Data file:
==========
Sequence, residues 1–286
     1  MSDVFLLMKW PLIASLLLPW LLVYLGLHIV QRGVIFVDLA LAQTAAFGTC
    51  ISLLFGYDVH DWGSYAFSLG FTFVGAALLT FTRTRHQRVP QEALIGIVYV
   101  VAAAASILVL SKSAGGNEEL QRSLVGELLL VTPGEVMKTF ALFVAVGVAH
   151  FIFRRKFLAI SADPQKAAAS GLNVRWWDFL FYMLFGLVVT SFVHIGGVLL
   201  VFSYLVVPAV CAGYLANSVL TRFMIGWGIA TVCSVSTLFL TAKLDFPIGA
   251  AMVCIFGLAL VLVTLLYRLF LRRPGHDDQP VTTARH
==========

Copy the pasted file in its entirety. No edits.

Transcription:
Sequence, residues 1–286
     1  MSDVFLLMKW PLIASLLLPW LLVYLGLHIV QRGVIFVDLA LAQTAAFGTC
    51  ISLLFGYDVH DWGSYAFSLG FTFVGAALLT FTRTRHQRVP QEALIGIVYV
   101  VAAAASILVL SKSAGGNEEL QRSLVGELLL VTPGEVMKTF ALFVAVGVAH
   151  FIFRRKFLAI SADPQKAAAS GLNVRWWDFL FYMLFGLVVT SFVHIGGVLL
   201  VFSYLVVPAV CAGYLANSVL TRFMIGWGIA TVCSVSTLFL TAKLDFPIGA
   251  AMVCIFGLAL VLVTLLYRLF LRRPGHDDQP VTTARH